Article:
Battle of Burnt Corn revisited

Published 10:23 pm Wednesday, August 11, 2004

By By LYDIA GRIMES Feature Reporter
The July meeting of the Escambia County Historical Society just happened to fall on the 191st anniversary of the Battle of Burnt Corn which occurred July 27, 1813. Chuck Johns, local attorney, was the speaker and told the large group gathered about the importance of that battle. It is now believed by most that the battle occurred in present day Escambia County. The meeting was well attended and several people made long trips in order to attend because of their interest in the battle.
There has been much discussion over the years as to just where the battle may have taken place. Some believe that it was in Conecuh County, some in Monroe County and some in Escambia County. The truth is that it was probably in all three counties. In 1813, it was Monroe County in the Mississippi territory. Later Conecuh County was formed, and the site was located within its boundaries. In 1868 when Escambia County was formed out of Conecuh and Baldwin, it is believed that the site became part of the new county. There is a small community near the site of old Belleville by the name of Burnt Corn, so who really knows? Certainly I am not an expert on the locality of the battle.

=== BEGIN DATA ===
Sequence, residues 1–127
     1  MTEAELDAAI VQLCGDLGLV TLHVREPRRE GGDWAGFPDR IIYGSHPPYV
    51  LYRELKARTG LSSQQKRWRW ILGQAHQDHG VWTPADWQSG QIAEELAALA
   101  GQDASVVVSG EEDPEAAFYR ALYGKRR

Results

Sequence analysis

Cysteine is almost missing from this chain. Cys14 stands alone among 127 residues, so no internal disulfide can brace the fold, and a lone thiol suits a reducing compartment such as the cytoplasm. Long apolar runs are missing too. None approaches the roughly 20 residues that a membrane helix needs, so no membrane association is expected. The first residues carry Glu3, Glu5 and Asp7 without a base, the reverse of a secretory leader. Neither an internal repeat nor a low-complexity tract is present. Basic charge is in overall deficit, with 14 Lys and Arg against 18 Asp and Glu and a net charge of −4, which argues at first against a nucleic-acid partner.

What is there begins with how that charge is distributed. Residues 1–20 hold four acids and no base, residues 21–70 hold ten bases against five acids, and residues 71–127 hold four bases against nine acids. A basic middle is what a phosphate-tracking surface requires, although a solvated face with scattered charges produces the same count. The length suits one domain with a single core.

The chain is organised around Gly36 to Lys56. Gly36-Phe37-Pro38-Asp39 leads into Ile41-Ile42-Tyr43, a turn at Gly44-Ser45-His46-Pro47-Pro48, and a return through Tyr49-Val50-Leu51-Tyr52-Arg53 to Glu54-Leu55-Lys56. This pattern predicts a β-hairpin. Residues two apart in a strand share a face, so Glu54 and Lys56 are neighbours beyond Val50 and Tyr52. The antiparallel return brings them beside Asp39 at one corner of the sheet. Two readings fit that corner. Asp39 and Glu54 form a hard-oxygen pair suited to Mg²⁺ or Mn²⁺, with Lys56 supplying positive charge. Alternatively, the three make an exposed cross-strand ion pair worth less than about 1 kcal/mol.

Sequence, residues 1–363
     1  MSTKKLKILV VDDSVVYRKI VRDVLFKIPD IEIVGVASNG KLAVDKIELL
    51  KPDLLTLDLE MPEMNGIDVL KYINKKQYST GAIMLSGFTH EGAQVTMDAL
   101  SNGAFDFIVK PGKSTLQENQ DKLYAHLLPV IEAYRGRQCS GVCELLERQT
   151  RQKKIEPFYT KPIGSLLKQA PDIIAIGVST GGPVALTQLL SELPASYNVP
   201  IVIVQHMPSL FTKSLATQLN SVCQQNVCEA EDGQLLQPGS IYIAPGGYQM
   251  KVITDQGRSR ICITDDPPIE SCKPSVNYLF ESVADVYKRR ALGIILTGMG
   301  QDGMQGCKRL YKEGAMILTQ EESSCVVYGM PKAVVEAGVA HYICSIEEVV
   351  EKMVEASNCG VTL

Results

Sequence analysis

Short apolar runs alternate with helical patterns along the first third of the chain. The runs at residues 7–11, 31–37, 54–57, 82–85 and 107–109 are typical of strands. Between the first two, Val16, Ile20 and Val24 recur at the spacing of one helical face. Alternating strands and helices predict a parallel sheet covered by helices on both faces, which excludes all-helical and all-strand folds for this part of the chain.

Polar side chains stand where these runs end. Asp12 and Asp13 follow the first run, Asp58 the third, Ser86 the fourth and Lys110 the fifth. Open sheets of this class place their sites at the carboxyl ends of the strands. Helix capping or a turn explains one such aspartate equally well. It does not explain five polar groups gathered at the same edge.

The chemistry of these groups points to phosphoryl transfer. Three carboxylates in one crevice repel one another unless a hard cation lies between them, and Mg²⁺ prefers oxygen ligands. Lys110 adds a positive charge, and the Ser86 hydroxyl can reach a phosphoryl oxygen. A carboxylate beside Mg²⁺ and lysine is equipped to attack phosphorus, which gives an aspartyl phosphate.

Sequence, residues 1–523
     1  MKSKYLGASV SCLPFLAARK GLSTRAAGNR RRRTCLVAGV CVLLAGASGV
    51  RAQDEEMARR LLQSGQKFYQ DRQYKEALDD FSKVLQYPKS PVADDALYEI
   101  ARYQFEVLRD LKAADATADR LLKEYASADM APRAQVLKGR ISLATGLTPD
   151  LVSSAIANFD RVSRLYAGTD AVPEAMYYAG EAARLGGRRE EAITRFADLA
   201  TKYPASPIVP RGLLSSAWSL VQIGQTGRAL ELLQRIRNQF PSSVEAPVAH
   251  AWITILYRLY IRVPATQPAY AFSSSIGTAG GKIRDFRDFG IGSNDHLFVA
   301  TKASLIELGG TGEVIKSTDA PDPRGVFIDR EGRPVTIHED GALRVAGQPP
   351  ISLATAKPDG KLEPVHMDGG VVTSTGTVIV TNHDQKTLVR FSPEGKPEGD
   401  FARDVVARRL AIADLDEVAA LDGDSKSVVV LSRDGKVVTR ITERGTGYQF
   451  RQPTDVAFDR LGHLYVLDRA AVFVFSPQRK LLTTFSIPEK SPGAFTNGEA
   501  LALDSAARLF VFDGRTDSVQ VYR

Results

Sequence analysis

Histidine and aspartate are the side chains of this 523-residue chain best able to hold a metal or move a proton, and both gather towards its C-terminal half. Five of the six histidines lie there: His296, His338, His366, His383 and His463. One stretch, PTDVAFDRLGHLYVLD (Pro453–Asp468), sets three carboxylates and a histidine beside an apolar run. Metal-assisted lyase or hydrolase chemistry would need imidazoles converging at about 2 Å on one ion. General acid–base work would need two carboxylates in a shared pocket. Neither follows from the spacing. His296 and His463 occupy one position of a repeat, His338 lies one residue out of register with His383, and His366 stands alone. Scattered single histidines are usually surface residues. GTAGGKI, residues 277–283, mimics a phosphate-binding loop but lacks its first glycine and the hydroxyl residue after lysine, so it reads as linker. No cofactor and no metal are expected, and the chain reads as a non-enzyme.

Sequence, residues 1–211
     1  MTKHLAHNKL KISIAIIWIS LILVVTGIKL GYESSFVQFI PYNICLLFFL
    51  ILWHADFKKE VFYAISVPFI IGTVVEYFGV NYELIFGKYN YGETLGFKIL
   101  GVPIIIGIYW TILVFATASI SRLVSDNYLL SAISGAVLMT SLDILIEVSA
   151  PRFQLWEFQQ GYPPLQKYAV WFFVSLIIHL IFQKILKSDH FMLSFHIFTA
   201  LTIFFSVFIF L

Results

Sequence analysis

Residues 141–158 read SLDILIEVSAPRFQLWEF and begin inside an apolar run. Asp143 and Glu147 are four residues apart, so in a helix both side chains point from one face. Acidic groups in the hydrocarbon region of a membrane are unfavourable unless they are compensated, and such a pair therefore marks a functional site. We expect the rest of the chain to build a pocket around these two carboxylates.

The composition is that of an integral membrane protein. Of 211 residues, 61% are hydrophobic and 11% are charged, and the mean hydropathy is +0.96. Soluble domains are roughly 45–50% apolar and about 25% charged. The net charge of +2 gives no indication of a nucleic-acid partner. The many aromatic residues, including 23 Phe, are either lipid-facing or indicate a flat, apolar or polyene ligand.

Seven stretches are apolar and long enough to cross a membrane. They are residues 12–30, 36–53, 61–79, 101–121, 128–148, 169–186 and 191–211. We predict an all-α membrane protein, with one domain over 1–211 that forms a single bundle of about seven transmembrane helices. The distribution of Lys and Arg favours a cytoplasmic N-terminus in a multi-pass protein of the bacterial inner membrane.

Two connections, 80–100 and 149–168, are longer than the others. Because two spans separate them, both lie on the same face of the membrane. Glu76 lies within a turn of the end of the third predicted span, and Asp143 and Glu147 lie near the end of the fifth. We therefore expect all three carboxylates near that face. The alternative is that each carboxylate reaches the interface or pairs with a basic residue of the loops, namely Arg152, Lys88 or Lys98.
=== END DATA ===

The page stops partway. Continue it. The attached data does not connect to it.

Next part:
During the time period, Pensacola was a hotbed of Spanish, French and English, all who would love to have taken possession of the territory now known as south Alabama. They were willing to used the Indians to do the dirty work of dispatching the whites who were settling in the area.
There was a report that a group of Indians went to Pensacola to get a supply of weapons. The settlers were very concerned that this meant trouble for them so the militia was alerted. The Indians had apparently fought with both whites and friendly Indians on the way to Pensacola and had taken the wife of the the government interpreter. They are reported to have sold her for the price of a blanket.
Col. James Caller of the militia rallied his men and set off to waylay the Indians on their way back from Pensacola. The group of around 180 men reached what was known as Wolf trail where they spent the night and were joined by other small companies of militia. The next morning, July 27, their scouts reported that the Indians were camped a few miles away. The Indians were engaged in cooking and eating so it was decided by those in charge that they would attack and surprise the Indians while they were not expecting trouble.
The attack did catch them by surprise, but they quickly regained their composure. The militia in the meantime had stopped to plunder the pack horses to see what all they could find. This gave the Indians the opportunity to recover and counter attack. The tide was turned and the Indians routed the whites. It was probably considered a minor skirmish in the big scheme of things but it was one of the catalysts that led to the Creek War. This battle and the massacre of the settlers at Fort Mims in Baldwin County would drive the two sides into a bloody war that resulted in the defeat of the "Red-sticks" and open the way for more settlers to come into the area.